Established in 1947 in response to the Nazi human experimentation, the World Medical Association (WMA) is close to adopting a text contrary to its own missions and goals. This international organization, representing physicians and cooperating with the World Health Organization (WHO), has been created "to ensure the independence of physicians, and to work for the highest possible standards of ethical behaviour and care by physicians, at all times." On the occasion of the 209th WMA Council Session in Riga (Latvia) on April 26-27th, 2018, a draft “Declaration on Medically-Indicated Abortion” will be discussed. In its current wording, the proposal introduces two changes in the WMA's ethical policy statements, at the expense of both the independence of physicians and the life of unborn children.
The proposed revision of the Declaration violates the independence of physicians and their freedom of conscience. In particular, it sets out some exceptions in which physicians would be forced to directly cooperate in abortions or even to perform abortions themselves. This endorsement of a coercion of physicians by the States compromises the goals of the WMA since World War II. Indeed, according to its own website, the WMA “has and continues to extend its help and influence on behalf of physicians who are being hindered in applying ethical practices.” The version currently in force of the “Declaration on Therapeutic Abortion” effectively realizes this objective by supporting the conscientious objection of physicians refusing abortion. However, the new proposal breaks with this policy by endorsing coercion by the States. The draft “Declaration on Medically-Indicated Abortion” aims indeed at imposing to physicians the responsibility to guarantee an effective access to legal abortion in some situations. On the contrary, international law imposes this responsibility to States and strongly protects the conscientious objection of physicians, that is to say their independence.
The proposal also excludes the unborn child from the protection required by human rights. Indeed, it deletes the sentence “the WMA requires the physician to maintain respect for human life” and the reference to the “unborn child.” The draft Declaration begins instead by defining “medically-indicated abortion” as an “interruption of pregnancy due to health reason,” without mentioning the respect of human life. This change sharply contrasts with the Declaration of Geneva adopted by the General Assembly of the WMA in 1948. Indeed, this modern version of the Hippocratic Oath asserted the duty of physicians to “maintain the utmost respect for human life from the time of conception.” Not only abortion in itself violates this duty, but the project of a new “Declaration on Medically-Indicated Abortion” considers abortion as a right in some cases. This “right to abortion”, compared to a “medication,” contradicts international law for at least two reasons. There is no “right to abortion” in international law but only a right to life, defined as “an inalienable attribute of the human beings [which] forms the supreme value in the hierarchy of human rights.” Furthermore, the European Court of Human Rights recognizes that States can decide “to consider the unborn to be (...) a person and to aim to protect that life”.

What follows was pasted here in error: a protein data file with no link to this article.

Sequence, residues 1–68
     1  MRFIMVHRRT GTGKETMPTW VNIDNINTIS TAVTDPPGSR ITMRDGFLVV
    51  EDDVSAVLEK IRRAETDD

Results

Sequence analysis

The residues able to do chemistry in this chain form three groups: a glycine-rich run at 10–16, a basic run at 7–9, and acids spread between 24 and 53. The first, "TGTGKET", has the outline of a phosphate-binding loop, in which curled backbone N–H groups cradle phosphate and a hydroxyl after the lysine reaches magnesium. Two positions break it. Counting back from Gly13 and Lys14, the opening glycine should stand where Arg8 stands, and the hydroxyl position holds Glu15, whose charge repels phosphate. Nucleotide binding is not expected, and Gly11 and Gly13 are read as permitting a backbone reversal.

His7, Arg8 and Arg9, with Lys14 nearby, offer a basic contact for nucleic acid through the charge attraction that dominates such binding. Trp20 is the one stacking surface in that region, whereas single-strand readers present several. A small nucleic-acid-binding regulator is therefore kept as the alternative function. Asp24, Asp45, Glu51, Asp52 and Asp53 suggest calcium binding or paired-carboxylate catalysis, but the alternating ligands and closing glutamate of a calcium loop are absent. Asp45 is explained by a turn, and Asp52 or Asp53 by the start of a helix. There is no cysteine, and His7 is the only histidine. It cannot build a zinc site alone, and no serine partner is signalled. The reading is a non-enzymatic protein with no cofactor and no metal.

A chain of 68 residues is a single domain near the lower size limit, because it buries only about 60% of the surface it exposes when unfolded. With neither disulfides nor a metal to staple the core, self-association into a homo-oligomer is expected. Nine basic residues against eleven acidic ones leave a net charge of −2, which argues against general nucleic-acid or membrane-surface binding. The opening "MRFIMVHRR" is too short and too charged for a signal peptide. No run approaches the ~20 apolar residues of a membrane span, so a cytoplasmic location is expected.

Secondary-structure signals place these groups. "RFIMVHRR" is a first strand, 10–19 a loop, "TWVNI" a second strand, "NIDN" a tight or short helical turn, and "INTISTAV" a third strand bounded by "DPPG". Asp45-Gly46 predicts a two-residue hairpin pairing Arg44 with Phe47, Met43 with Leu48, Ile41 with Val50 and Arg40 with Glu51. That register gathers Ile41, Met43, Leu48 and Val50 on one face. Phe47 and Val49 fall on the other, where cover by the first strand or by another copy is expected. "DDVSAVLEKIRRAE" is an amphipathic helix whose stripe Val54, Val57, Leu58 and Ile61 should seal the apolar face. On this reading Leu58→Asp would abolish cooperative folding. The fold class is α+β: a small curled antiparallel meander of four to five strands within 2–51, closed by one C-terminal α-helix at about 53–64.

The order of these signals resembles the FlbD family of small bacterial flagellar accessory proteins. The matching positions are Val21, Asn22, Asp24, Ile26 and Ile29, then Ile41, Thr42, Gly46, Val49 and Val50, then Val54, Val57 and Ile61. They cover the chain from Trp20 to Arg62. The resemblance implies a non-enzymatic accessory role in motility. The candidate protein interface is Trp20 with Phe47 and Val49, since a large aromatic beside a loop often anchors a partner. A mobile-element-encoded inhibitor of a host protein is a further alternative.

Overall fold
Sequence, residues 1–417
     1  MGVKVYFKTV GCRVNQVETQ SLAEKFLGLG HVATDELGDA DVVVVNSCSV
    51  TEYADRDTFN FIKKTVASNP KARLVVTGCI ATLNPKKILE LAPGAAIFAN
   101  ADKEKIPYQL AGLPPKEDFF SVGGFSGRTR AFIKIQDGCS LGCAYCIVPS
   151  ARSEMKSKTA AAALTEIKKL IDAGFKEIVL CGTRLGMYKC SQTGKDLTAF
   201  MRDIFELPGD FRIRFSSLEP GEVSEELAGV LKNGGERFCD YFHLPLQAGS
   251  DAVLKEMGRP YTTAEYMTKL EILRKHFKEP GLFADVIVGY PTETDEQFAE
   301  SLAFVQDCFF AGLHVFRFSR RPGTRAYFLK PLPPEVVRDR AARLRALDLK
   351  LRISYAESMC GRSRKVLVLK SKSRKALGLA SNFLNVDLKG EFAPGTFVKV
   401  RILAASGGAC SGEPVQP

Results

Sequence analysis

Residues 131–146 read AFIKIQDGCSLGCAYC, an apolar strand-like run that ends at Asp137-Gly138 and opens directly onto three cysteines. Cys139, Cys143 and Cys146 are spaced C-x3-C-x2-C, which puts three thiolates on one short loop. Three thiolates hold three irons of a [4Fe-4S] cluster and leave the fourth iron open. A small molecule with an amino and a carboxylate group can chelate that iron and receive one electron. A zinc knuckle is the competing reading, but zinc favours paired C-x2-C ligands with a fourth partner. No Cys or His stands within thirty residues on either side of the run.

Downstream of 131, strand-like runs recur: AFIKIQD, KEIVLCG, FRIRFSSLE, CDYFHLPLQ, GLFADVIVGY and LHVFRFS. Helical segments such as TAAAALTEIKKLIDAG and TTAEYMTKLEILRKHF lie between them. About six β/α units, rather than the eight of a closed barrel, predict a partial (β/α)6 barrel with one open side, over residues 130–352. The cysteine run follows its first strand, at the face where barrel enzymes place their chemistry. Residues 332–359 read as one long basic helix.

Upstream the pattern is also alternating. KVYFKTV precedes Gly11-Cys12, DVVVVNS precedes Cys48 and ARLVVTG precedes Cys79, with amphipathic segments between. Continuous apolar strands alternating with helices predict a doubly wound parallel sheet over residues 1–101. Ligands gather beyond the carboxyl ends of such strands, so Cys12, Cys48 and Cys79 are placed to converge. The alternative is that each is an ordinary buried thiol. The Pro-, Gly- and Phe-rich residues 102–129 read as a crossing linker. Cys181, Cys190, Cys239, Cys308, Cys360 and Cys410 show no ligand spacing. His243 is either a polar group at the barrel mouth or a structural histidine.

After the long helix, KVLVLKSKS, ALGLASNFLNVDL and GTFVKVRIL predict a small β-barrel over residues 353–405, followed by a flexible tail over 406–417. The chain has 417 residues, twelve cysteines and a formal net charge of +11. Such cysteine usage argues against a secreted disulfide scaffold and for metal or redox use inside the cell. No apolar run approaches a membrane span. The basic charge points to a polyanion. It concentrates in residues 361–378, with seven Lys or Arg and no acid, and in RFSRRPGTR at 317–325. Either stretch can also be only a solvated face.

As the WMA Public Relations Consultant told us, there is still an opportunity for representatives of national medical associations to amend the “Declaration on Medically-Indicated Abortion” during the WMA Council Session this week and during the General Assembly in Reykjavik (Iceland) on October 3-6th, 2018. That is why, the ECLJ took action and sent a letter to all WMA members, in order to ask them to oppose the draft Declaration and to instead reassert the obligation of the States to guarantee the independence of physicians and to protect human life.
For further information about the right to conscientious objection in international law, the Director General of the ECLJ Doctor Grégor Puppinck published in 2016 the study Conscientious Objection and Human Rights: A Systematic Analysis.
“WMA Declaration of Oslo on Therapeutic Abortion,” adopted by the 24th World Medical Assembly, Oslo, Norway, August 1970, amended by the 57th WMA General Assembly, Pilanesberg, South Africa, October 2006 : https://www.wma.net/policies-post/wma-declaration-on-therapeutic-abortion/.
ECHR, R.R. v Poland, 27617/04, 26 May 2011, § 206 and ECHR, P. and S. v. Poland, 57375/08, 30 October 2012, § 106 : “States are obliged to organize the health services system in such a way as to ensure that an effective exercise of the freedom of conscience of health professionals in the professional context does not prevent patients from obtaining access to services to which they are entitled under the applicable legislation.”
“WMA Declaration of Oslo on Therapeutic Abortion,” Article 1.
Ibid., Article 3.
No treaty admits abortion as a right.
ECHR, Streletz, Kessler & Krenz v. Germany [GC], 22 March 2001, 34044/96, 35532/97 and 44801/98, § 92-94; see also McCann & Others v. The United Kingdom, Judgment of 27 September 1995, Series A no. 324, pp. 45-46, § 147.
ECHR, A. B. C. v. Ireland [GC], 25579/05, 16 December 2010, § 222. See also: ECHR, Vo v. France [GC], 53924/00, 8 July 2004, § 82: “[i]t follows that the issue of when the right to life begins comes within the margin of appreciation which the Court generally considers that States should enjoy in this sphere.”